Testing a quick and reliable method to discriminate age classes in roe deer Capreolus capreolus on the basis of tooth wear
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Publish date: 2000-09-10
Hystrix It. J. Mamm. 2000;11(2)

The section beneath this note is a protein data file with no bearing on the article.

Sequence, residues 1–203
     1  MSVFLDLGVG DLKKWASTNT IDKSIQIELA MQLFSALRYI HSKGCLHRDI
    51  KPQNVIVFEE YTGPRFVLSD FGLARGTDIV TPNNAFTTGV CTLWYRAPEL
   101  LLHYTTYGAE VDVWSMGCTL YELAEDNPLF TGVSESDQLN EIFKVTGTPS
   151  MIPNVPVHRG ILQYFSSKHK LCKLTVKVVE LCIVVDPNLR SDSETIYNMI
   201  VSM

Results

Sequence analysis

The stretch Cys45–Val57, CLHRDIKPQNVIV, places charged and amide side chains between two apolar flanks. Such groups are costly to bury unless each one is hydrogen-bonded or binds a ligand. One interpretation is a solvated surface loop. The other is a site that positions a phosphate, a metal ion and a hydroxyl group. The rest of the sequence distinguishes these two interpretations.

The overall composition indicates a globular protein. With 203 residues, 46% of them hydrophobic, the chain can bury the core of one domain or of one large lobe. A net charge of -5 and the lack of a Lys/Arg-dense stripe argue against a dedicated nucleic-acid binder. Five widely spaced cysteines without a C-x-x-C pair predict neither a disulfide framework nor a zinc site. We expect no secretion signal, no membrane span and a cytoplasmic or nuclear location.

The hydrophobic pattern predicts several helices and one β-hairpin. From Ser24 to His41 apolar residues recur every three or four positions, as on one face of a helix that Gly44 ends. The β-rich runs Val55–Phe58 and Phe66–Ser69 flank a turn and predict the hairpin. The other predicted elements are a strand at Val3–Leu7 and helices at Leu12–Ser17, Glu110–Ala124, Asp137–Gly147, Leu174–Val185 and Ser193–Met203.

Abstract The hunting management of roe deer in Emilia-Romagna provides the correct classification of the age classes of dead specimens, usually determined shortly after killing by hunters. The tricuspidal shape of the third lower premolar, together with the absence of the third molar greatly facilitates the classification of fawns (class 0); whereas distinguishing between yearlings (class I) and adults (class II) is very difficult, particularly in females. This paper proposes a reliable method that entails just a quick tooth inspection of the lingual crest of the third lower premolar and molar. In yearlings they were completely covered by a coat of enamel, whereas in adults this coat of enamel was eroded, so that a yellowish line of dentin, that tended to become wider with age, was clearly visible. The first lower molar of specimens previously classified on the basis of tooth wear were decalcified and dissected so that the number of annual growth rings could be counted using a microscope. By doing this, we could test the validity and reliability of our method. Fifty four specimens, 39 belonging to class I and 15 to class II, were examined and in all cases the method allowed a correct classification.